Groups Call on G7 Finance Ministers To Drop Debt In More Than 30 Poor Countries To Increase Money to Fight HIV/AIDS
Several public health, AIDS advocacy and development groups are urging finance ministers from the Group of Seven industrialized nations to support eliminating debt in more than 30 countries, saying that if developing nations spend less on paying down debts, they will have more money to spend in the fight against HIV/AIDS, VOA News reports. The finance ministers from the United States, Britain, Canada, Japan, France, Germany and Italy are scheduled to meet in Washington, D.C., on Oct. 1 (Capua, VOA News, 9/24). Four AIDS advocacy groups -- ActionAid International USA, Global AIDS Alliance, Student Global AIDS Campaign and RESULTS Educational Fund -- on Friday released a report, titled "Blocking Progress," that calls on the International Monetary Fund to drop certain conditions it attaches to its loans and debt relief. According to the report, the policies, which are aimed at keeping inflation low and public spending in check, might be making it more difficult for developing nations' governments to improve their health care infrastructures, OneWorld.net reports. The report also calls on the World Bank to disassociate its lending policies from the IMF, according to OneWorld.net
Rick Rowden of ActionAid International USA, who is the report's main author, said, "The IMF's insistence on very low inflation targets must be scrutinized," adding, "This issue must be brought into the center of public debate if countries are ever to be allowed to scale-up public health spending effectively to fight HIV/AIDS." GAA Executive Director Paul Zeitz said, "This report should be a real wake-up call to people concerned about the alarming impact of AIDS on prospects for development and stability." He added that the report shows "the terrible price we could pay if a rigid adherence to economic orthodoxy wins out over common sense." Joanne Carter, an analyst with RESULTS Educational Fund, said, "The low-inflation targets set by the IMF lead directly to limits on the national budgets of poor countries, which lead to ceilings on national health budgets" (Lobe, OneWorld.net, 9/24).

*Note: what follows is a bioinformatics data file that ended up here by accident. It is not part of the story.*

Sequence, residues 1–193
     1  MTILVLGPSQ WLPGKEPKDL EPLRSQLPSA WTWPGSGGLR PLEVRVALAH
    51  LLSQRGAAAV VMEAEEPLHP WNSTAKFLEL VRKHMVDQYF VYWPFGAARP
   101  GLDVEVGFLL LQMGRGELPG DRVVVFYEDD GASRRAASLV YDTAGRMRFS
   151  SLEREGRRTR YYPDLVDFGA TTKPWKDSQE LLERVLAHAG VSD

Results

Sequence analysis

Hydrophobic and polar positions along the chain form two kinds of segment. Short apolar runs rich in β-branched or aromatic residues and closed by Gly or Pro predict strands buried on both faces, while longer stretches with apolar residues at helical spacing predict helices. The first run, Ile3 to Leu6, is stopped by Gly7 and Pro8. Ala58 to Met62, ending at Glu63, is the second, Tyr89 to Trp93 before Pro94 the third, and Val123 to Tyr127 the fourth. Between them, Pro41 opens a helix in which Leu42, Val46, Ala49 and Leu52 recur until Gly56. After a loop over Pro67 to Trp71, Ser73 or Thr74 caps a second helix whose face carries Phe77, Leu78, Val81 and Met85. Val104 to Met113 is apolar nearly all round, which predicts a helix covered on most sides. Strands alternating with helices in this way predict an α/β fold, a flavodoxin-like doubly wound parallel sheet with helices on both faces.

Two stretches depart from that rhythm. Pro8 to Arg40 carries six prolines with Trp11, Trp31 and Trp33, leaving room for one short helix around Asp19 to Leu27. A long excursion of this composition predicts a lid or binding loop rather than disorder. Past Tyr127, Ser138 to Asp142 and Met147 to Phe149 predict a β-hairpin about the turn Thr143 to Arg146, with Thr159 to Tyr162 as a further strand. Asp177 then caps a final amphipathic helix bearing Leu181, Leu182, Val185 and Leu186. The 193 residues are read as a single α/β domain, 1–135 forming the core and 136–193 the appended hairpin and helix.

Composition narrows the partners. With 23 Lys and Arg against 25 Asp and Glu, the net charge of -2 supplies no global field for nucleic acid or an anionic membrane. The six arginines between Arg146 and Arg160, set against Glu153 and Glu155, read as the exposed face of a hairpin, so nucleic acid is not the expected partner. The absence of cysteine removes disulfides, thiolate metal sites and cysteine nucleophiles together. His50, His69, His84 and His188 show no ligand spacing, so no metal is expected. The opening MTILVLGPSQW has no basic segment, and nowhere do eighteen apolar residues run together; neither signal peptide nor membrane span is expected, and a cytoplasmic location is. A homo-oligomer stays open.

Britain Announces Debt-Relief Funding
The British government on Sunday announced a new effort to pay down 10% of the total amount owed by low-income nations to international agencies and challenged other nations to implement similar policies, the New York Times reports. U.K. Chancellor of the Exchequer Gordon Brown said that Britain will earmark $180 million annually until 2015 to pay off 10% of the money owed by 32 low-income nations to international lenders, in particular the World Bank and the African Development Bank (Cowell, New York Times, 9/26). Brown said in a statement, "We will make payments in their stead to the World Bank and African Development Bank for the portion that relates to Britain's share of this debt," adding, "We do this alone today, but I urge other counties to follow so that over-indebted countries are relieved of the burden of servicing all unpayable multilateral debt," the AP/Hartford Courant reports (Johnson, AP/Hartford Courant, 9/26).